Amnesty International releases annual report

                                                                

 

December 19, 2022

Amnesty International Canada releases annual report

by  Ruth Aman

On the eve of Human Rights Day, an exclusive group gathered in Ottawa’s National Arts Centre’s Rossy Pavilion for Amnesty International Canada’s special press release. Amnesty International officially released its annual report on the realities and current state of human rights within Canada. The event began at 7:30 AM with guests being first invited to a breakfast buffet comprised of traditional breakfast foods and a hot drink assortment.

Board Chair Mohamed Huque welcomes the guests

The event opened with a welcome by Mohamed Huque, the Board Chair, who spoke to the great success of the organization as they have finally completed a conclusive report which they believe shall inform and push Canadian citizens to join the fight for human rights. Elder Irene Compton then approached the stage to do a traditional Indigenous ceremony. This ceremony was done with the assistance of two guests, one man and one woman, representing the fullness of humanity to welcome the ancestors.

Elder Irene Compton, left, with the traditional indigenous blessing

Once this ceremony finished, Dr. Zosa Gruber, the Director of Policy, Research and Advocacy at Amnesty International Canada was invited to give an overview of the 2022 Human Rights Agenda. She congratulated the team and noted that though it took long days and nights of chronicling, brainstorming, and writing without the proper facilities, they accomplished exactly what they set out to do. She then spoke about the report itself and stated that it had been founded upon five strategic issues. Facing many limitations and resistance to the creation of the report, Amnesty International Canada’s launch was a success.

Panel discussion

The panel discussion included guest speakers who all had in-depth knowledge and experience fighting for the human rights issues outlined in the report. These speakers were Emily Dwyer, the coordinator of the Canadian Network on Corporate Accountability; Debbie Owusu-Akyeeah, the Executive Director of the Canadian Centre for Gender and Sexual Diversity; Brianna Parent Long, the Feminist Programmes Coordinator at VIDEA; Nicholas Marcus Thompson, the Executive Director of the Black Class Action Secretariat, and finally Amnesty International Canada’s Secretary General Ketty Nivyabandi.

 Hosted by the Director of Equity, People and Culture Hawa Mire, the panellists were asked questions referring to the specific issue they came to represent and its importance to human rights. From discussions on women’s rights, climate justice and the anti-Black racism faced in workplaces, the panel discussion took over the majority of the event.

The panel discussion was engaging and speakers bounced off one another, especially when discussing issues of race and gender. Black Canadians have experienced much racism whether it is in the workplace or educational systems, or in open spaces. Combined with the aspect of gender, many face the pain of different injustices all at the same time. What is the solution to this you may ask? The panellists all agreed to say, ‘more action and implementation rather than performative activism’. Unfortunately, Canada has a history of acknowledging that racism or injustice exists by way of their own institutions yet they do not take any preventive action and essentially allows it to continue.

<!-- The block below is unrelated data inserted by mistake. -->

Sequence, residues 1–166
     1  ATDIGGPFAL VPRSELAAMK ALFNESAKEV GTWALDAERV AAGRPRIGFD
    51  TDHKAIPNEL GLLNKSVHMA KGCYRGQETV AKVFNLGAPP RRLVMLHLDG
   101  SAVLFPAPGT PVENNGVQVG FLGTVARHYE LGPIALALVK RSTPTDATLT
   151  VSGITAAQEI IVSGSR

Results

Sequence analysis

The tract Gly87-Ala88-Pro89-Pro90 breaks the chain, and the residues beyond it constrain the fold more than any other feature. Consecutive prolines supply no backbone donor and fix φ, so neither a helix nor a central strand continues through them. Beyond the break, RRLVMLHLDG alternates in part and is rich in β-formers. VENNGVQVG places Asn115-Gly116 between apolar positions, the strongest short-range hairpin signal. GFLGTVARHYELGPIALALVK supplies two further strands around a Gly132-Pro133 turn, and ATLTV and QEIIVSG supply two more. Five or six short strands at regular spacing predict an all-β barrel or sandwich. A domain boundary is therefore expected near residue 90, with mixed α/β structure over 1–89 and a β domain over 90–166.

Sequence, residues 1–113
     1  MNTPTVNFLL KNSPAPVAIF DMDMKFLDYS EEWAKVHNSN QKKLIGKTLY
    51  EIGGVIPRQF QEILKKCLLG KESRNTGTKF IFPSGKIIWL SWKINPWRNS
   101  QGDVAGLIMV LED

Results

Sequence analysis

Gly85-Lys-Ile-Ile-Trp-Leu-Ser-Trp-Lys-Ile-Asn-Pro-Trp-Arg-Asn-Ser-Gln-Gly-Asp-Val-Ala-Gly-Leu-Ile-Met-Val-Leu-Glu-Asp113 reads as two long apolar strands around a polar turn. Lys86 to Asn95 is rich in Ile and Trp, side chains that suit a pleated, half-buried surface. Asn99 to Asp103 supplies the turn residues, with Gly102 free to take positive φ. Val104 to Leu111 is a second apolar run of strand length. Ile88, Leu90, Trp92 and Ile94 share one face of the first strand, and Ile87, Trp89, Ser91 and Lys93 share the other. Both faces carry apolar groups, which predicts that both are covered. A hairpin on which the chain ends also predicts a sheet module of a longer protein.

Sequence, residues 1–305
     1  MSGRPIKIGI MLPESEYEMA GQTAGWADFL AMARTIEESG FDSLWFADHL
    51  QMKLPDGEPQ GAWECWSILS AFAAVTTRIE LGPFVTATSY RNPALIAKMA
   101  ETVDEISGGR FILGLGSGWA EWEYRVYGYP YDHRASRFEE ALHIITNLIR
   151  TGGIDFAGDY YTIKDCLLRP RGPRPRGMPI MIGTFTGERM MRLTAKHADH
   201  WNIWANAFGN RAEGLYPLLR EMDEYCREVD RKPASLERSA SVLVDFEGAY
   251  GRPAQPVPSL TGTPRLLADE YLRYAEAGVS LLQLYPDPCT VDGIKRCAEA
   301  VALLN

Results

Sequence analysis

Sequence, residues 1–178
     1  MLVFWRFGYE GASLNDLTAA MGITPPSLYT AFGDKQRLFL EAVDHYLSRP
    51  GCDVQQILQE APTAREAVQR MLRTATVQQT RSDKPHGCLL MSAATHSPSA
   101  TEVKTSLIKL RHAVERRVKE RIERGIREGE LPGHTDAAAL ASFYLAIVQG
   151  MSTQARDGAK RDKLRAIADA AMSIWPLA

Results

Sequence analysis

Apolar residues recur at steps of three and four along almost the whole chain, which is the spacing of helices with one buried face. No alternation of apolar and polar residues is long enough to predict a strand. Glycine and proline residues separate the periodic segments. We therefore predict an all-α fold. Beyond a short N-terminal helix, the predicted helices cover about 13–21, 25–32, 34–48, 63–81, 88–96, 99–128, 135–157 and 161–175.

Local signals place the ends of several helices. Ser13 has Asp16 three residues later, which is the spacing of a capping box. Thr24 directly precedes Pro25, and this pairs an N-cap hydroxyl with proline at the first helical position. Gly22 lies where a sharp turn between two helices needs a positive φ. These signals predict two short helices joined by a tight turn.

Many of the speakers spoke from their perspectives on this. Thompson referred to the government’s refusal acknowledge African Canadian involvement in previous war efforts. He recalled that this year the government gave a formal apology recognizing that what they had done was wrong. However, there was no restitution made to support the families affected. And to this date, many African Canadians and People of Colour are still discriminated against within the public service sector. It seems as if racism and prejudice towards workers of other races/ethnicities continue to exist by manifesting itself in new ways. The issue is that there is no one to hold the federal government accountable for any of its promises or action plans.

Dwyer spoke on the Modern Slavery Act and stated that as ideal as it sounds, Canadian corporations are not held accountable by any part of the Act. The only thing asked of them is to report on findings of abuse at the end of the term. Unfortunately, this is an easy feat to ignore if corporations do not want to report it. Owusu-Akyeeah also added that the government and corporations’ neglect is also seen in the Federal government’s 2SLGBTQI+ action plan. She stated that the entire community looked forward to this plan, yet when they saw it they were disappointed because it did not mention any steps that would be taken toward implementation. It was all performative.

Following this successful panel discussion, a short Q&A session ensued. In closing, Secretary General Ketty Nivyabandi shared that though this information released may be discouraging, all individuals must and are still able to contribute to making the nation one that truly values human rights.  This can be done by bringing awareness to the work done by Amnesty International, by getting involved in campaigns and by standing up to injustice seen firsthand.

For more information on Amnesty International Canada, visit: https://www.amnesty.ca

Ruth Aman

Ruth Aman is a Project Officer with Black History Ottawa. She holds a Bachelor of Global and International Studies (Honors) degree, with a specialization in Law and Social Justice from Carleton University.

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